inigo_montoyaThere’s a cottage industry out there of industry analysts, speakers, consultants and bloggers dedicated to the HR and recruiting industry, and the fact is, these “experts” must be seeing something I don’t see about the industry they’re covering.

The thing is, I don’t really understand how, exactly, so many people get so much mileage on talking about something as simple as selling jobs, which, of course, is still an over simplification, but seems to be what most of this stuff boils down to.

I mean, how hard is it to close someone on something that everyone needs?

Why is there such a focus on tools and technology instead of the fundamental stuff like getting better at building relationships and business alignment? How hard is really to find candidates in the age of social and search, really? How come recruiters spend so much time talking about really obvious stuff like “candidate experience” or “mobile recruiting?”

I would think not treating people like shit as a professional would just kind of be common sense, similar to the fact that, uh, yeah, people use their cell phones to access the internet and don’t think twice about it. Recruiters, on the other hand, obsess over this simple stuff. I can’t figure it out, but then again, here’s the thing.

I don’t know the space.

What Am I Missing?

quote-about-if-you-dont-know-where-youre-going-any-road-will-get-you-thereIf you’re a recruiter, you know how important relevant industry experience is – whether it’s your hiring manager bitching about how you don’t really “get” whatever vertical you happen to be working in, or a candidate calling you out during a screen on the fact that you clearly don’t know much about what they really do. And they have questions for someone who really needs to “get the industry” – whatever the hell that means.

And one of the biggest challenges is that when it comes to getting this industry, I just don’t see, I suppose, what there is to get. And have no idea where to even look to better “know the space” that I’ve been floating in for most of my career.

Now, when it comes to focusing on consumer marketing initiatives directed at selling child care to harried moms, I can safely assert that photos of cute puppies and babies are always a winner, and if you can combine the two, you’ll drive sign-ups.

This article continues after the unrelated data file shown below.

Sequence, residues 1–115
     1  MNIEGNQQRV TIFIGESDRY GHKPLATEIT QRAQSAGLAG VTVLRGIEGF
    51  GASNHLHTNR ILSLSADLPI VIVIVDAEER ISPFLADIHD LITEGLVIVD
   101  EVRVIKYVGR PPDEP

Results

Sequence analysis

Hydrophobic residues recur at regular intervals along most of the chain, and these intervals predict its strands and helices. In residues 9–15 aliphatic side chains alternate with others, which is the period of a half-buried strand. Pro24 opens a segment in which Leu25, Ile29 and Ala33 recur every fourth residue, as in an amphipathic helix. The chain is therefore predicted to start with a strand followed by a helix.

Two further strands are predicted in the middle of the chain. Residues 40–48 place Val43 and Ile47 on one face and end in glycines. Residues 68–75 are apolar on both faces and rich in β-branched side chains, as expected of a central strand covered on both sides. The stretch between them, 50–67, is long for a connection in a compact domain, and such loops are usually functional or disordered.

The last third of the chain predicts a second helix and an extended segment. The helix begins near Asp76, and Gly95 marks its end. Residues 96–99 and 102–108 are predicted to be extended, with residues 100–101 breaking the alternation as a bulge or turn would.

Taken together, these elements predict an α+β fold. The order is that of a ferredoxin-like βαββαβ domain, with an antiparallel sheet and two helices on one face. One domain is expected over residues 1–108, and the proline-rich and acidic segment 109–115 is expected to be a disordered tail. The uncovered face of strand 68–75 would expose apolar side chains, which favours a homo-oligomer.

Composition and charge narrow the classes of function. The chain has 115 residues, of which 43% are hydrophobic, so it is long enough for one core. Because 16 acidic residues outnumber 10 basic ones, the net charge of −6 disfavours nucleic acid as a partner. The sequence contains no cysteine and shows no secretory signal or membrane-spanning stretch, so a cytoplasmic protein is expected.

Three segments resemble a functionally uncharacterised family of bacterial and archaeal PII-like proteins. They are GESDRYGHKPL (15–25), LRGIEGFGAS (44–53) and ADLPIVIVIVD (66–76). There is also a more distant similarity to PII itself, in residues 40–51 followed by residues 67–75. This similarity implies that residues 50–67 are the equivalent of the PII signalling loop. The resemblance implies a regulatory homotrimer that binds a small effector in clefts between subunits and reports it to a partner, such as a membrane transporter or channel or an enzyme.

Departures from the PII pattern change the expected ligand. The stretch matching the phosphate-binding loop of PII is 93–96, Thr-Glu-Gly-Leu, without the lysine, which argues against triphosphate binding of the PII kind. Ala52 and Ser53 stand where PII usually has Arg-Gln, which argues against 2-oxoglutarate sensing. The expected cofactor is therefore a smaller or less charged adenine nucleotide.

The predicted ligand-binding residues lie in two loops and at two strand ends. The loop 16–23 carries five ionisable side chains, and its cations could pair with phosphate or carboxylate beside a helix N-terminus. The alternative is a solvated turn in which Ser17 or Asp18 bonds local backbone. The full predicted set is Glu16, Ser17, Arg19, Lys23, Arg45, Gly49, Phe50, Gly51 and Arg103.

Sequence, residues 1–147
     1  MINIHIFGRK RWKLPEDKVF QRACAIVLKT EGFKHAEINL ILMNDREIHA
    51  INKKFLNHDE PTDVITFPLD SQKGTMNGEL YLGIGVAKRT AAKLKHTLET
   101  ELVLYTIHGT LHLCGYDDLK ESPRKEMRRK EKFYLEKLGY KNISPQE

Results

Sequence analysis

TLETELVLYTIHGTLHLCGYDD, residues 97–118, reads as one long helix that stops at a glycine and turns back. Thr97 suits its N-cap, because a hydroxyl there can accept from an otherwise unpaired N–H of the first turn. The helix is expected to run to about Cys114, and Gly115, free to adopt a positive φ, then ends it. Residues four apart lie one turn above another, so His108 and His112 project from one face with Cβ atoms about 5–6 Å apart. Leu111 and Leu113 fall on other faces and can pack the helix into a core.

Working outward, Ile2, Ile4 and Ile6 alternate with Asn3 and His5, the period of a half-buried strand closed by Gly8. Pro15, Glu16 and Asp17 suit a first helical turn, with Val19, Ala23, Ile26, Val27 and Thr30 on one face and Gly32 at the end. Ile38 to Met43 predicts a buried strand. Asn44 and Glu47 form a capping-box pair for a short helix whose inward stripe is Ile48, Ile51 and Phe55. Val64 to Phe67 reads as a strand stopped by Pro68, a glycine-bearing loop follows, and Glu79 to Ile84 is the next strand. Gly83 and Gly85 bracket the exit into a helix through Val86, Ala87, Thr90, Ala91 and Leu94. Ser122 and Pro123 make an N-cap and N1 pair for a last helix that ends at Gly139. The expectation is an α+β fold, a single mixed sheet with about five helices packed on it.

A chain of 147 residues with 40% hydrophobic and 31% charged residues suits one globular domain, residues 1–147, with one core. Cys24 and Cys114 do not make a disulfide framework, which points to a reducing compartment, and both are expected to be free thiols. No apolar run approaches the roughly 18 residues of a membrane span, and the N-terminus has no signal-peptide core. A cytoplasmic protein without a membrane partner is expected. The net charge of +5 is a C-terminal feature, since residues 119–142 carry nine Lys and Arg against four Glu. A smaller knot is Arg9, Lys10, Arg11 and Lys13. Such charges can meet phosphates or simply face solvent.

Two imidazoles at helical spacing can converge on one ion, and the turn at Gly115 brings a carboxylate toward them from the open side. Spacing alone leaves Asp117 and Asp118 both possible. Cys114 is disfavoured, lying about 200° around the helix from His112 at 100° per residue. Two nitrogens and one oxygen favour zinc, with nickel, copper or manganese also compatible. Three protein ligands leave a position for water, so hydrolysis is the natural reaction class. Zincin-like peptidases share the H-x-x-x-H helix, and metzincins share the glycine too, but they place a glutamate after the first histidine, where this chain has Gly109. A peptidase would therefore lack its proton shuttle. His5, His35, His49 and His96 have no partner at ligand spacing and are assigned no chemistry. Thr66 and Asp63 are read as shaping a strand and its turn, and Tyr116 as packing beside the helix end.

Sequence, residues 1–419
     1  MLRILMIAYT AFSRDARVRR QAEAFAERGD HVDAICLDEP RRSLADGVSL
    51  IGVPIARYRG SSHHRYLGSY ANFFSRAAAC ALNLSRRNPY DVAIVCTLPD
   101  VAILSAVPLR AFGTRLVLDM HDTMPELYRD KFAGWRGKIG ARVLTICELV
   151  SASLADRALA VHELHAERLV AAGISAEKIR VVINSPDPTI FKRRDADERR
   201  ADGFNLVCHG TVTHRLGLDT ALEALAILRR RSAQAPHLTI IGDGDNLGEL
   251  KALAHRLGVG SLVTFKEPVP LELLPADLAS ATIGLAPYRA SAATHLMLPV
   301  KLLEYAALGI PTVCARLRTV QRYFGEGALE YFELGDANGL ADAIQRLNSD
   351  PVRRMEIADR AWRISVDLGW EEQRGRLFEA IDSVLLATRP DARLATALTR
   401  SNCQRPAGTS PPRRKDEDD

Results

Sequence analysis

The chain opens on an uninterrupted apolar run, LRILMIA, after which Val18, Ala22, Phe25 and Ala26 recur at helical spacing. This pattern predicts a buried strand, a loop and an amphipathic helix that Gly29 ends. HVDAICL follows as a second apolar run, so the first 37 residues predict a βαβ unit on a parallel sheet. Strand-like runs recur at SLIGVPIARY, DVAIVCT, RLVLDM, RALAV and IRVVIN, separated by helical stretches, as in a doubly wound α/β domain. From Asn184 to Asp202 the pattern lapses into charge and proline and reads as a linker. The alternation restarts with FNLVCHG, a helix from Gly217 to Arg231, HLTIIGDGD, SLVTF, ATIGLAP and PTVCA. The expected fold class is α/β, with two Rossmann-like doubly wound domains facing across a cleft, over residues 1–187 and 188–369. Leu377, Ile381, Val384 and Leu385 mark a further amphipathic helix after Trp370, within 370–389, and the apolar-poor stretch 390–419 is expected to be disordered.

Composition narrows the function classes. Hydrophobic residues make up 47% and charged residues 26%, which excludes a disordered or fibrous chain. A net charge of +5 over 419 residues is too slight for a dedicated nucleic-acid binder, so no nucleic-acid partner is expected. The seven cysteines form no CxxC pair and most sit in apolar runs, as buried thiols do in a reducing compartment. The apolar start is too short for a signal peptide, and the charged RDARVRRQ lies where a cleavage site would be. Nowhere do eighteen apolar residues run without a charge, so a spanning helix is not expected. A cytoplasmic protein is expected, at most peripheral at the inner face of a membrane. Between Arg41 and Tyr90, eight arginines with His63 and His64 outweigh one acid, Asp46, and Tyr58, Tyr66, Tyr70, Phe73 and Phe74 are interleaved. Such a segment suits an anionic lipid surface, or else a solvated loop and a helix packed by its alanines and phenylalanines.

Yeah, I know you’re thinking, no shit, Sherlock, but that’s kind of how most of us feel about, say, “big data.” Really, you can make better business decisions by using statistical instead of anecdotal evidence? Fire me up a white paper, stat.

I also know that if you’re working to translate what those users are saying to the developers running point on your product team, you’d be better off making some joke about an obscure programming language or inserting a Tolkien allusion or reference to your WoW guild.

These are industries I know, spaces I get – because ultimately, I’ve spent my career working in inbound marketing long before it became co-opted as a recruitment-related trending topic, and I know that it really all comes back to that basic precept: you’ve got to know who your audience is if you want to compellingly convince them to answer your call to action. People who have actually done a job or are a subject matter expert in a particular industry or specialized function, for instance, are likely to have better instincts about what people like them are interested in than anyone in marketing.

They know what’s going to add value, what they really like and what topics they just don’t give a crap about – and hopefully, that’s reflected in creating content that actually makes people care enough to click. This isn’t easy, but everyone thinks they can write copy or do social. Anyone can do this, or so most people who haven’t done this kind of work think.